This dissertation is a study of how travelers, particularly white, elite travelers, thought about their lodgings over the course of the long eighteenth century, and how their lodging options changed as a result. Their writings about how they ate and where they slept reveal shifting cultural attitudes from both travelers and their hosts. Genteel travelers began to expect greater personal privacy, and private householders who formerly provided accommodations began to refuse to do so. The material culture of gentility spread quickly through the Atlantic world; elite homes became more compartmentalized places that allowed for people to develop new senses of personal privacy. While many Americans could partake in the trappings of gentility, they could not participate equally. Such differences in a standard of living created tensions between travelers and their hosts. Taverns, inns, and private homes were the main sources of lodging; however, most hosts were unable and increasingly unwilling to provide the individualized spaces that genteel travelers increasingly expected for their bodily privacy. Chapter one describes travelers and boarding in urban areas, and the role that boardinghouses played in affording travelers a measure of privacy. Chapter two discusses rural America during the colonial period, looking at why so many travelers ended up lodging in private homes despite their discomfort. Chapter three illustrates the standards of genteel travelers, and why they were often in opposition with the families who lived in the homes and taverns that they stayed in. Finally, chapter four discusses the reasons why householders and tavernkeepers began to deny travelers a berth overnight. If the first three chapters are about the power of elite travelers, the fourth chapter is about the power of householders to refuse entry in their homes, and the tools they used to reclaim their space from intrusive travelers. The conclusion discusses the emergence of the modern hotel, purpose-built buildings that both allowed travelers’ personal privacy as well as taking them out of domestic spaces. The rise of a tourist economy, coupled with changing ideas about who was allowed in domestic spaces, ensured both that travelers no longer sought respite in private homes, and that householders would not willingly allow strangers into their homes. However, the practice did not die out entirely, persisting in the backcountry frontier and in less settled areas where there was less travel infrastructure, into the nineteenth century.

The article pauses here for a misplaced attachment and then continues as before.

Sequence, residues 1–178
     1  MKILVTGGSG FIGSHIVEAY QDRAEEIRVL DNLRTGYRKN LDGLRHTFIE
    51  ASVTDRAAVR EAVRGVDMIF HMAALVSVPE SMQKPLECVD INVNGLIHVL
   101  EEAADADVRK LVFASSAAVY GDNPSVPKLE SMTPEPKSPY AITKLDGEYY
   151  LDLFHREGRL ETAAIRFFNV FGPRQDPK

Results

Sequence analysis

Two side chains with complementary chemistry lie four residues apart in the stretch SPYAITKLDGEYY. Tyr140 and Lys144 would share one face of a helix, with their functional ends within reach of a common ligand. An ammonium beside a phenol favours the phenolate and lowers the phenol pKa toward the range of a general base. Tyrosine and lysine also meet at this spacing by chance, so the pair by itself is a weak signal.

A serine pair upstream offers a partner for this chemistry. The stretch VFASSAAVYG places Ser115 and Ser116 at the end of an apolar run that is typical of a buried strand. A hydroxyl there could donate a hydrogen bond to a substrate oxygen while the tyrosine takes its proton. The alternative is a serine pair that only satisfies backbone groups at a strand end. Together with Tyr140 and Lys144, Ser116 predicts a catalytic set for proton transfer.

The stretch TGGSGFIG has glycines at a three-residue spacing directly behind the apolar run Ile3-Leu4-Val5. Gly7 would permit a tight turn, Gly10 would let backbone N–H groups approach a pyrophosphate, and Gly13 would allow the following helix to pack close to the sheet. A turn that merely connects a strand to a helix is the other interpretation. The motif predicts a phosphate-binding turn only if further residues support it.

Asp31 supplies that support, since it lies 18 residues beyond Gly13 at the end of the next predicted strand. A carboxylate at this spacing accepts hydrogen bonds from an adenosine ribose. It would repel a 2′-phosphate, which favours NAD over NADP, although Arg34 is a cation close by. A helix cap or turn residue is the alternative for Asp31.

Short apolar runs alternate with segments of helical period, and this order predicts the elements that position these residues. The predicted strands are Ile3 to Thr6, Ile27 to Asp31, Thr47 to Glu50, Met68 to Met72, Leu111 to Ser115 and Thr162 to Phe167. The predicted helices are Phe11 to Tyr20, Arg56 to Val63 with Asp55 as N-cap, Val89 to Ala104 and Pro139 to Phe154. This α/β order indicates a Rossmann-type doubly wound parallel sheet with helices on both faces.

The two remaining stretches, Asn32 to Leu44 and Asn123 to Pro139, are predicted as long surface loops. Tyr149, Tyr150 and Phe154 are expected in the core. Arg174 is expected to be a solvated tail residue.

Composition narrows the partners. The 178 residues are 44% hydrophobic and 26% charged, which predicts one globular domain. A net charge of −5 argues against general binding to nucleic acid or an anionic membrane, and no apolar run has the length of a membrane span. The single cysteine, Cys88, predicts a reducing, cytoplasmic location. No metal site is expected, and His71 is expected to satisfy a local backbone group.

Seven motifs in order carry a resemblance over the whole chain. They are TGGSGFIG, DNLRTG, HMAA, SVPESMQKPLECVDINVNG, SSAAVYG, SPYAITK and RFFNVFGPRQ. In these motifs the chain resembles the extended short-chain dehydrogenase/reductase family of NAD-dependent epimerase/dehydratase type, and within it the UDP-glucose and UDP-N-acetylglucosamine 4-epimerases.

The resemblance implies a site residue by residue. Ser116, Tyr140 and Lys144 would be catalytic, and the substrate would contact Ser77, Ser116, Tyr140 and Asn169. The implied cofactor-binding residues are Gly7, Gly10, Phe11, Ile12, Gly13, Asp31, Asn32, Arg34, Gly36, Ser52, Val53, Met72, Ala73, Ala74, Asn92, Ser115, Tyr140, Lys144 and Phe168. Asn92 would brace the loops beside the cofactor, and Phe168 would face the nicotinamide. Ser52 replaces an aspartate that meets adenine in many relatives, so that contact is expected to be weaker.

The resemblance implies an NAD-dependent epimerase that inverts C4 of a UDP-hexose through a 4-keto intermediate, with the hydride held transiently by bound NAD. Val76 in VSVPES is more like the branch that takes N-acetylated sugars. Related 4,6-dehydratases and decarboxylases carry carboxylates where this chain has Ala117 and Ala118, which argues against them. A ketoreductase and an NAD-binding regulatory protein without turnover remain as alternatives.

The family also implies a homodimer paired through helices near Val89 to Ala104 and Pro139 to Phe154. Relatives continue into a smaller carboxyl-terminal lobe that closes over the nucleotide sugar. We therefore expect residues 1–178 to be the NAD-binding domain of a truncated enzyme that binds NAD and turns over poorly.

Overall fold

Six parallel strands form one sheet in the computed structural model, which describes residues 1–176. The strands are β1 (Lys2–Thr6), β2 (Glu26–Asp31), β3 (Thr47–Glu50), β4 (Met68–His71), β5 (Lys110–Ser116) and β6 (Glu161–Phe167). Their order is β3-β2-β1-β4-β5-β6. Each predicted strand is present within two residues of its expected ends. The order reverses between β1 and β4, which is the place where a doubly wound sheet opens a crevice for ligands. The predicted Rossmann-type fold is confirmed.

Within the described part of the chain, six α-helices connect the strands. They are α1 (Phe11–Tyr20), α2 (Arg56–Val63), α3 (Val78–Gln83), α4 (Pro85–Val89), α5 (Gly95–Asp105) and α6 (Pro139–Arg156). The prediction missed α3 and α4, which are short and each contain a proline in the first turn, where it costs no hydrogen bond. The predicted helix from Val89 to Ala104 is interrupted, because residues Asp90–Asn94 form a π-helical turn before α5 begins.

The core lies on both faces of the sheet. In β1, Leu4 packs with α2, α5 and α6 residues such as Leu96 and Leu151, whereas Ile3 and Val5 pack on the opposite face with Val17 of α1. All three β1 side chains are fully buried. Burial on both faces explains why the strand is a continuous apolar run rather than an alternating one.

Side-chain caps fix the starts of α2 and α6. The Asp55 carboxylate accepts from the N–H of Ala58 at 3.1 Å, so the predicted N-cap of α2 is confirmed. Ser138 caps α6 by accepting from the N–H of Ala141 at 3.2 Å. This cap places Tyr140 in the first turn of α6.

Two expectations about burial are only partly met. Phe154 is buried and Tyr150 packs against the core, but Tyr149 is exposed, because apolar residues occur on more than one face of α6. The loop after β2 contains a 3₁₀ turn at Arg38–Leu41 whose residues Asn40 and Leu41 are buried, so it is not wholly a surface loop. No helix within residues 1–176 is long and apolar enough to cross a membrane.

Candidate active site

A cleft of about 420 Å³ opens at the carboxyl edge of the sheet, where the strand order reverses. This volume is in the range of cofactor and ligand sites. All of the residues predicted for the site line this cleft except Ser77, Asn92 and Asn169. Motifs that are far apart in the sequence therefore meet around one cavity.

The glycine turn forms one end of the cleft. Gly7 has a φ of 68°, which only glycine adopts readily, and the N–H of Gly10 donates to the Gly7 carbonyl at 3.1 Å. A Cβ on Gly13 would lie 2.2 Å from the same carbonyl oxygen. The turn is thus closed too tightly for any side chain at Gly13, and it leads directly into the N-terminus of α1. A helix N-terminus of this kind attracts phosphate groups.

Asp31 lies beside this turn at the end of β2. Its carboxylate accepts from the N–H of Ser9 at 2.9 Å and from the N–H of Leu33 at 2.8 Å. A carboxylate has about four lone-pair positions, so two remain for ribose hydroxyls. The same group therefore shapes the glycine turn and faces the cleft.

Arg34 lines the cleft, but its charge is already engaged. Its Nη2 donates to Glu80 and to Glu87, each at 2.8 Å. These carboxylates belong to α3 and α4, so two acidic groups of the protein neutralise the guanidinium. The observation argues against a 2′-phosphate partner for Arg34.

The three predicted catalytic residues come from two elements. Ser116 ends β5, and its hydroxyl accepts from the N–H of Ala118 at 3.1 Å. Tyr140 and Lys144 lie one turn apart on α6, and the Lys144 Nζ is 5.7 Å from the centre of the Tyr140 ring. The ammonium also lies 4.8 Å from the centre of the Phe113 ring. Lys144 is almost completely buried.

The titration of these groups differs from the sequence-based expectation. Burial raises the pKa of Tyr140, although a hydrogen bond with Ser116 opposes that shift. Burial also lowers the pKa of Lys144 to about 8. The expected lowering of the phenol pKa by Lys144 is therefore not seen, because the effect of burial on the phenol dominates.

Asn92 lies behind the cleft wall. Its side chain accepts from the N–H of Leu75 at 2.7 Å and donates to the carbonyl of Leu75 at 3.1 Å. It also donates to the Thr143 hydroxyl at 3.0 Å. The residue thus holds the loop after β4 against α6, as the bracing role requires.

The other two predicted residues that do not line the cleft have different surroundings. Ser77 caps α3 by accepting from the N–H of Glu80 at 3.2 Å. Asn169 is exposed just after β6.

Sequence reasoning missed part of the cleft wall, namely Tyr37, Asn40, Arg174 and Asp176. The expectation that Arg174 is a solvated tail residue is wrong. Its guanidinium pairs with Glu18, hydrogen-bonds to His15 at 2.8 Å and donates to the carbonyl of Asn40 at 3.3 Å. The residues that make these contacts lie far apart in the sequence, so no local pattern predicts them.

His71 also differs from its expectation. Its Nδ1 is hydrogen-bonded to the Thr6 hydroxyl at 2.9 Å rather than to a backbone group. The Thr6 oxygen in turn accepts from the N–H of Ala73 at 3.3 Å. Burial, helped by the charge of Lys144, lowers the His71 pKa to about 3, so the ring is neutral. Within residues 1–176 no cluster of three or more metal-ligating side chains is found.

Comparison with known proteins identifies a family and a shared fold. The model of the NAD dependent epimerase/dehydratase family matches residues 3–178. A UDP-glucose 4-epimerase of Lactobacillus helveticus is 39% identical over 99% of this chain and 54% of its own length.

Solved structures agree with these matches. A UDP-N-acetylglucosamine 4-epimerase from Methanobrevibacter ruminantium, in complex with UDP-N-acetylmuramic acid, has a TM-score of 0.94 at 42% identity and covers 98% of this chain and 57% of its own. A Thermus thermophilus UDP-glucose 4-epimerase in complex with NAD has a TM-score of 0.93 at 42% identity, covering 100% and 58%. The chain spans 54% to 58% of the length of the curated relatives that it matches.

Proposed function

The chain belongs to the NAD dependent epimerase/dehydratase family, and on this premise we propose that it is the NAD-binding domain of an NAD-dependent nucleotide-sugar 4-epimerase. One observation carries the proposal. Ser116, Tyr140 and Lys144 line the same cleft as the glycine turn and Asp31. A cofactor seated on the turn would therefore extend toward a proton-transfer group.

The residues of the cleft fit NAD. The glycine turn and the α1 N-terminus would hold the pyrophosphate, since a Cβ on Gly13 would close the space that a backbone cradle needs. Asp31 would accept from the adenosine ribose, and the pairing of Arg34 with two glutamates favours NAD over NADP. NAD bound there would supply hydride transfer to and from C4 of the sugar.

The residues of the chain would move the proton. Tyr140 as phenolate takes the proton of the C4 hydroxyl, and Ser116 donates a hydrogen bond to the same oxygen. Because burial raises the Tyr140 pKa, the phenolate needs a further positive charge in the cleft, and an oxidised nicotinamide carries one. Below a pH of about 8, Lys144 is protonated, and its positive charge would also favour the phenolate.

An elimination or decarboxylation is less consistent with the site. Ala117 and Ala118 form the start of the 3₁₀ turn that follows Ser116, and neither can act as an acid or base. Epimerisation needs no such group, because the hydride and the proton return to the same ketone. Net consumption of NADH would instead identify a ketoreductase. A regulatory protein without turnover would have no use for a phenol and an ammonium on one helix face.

• Item
    Claiming Place, Placing Claim: African American Life in Working-Class Nashville, Tennessee, 1861-1900
    (2023) Maxson, Stanley D; Rowland, Leslie S; History; Digital Repository at the University of Maryland; University of Maryland (College Park, Md.)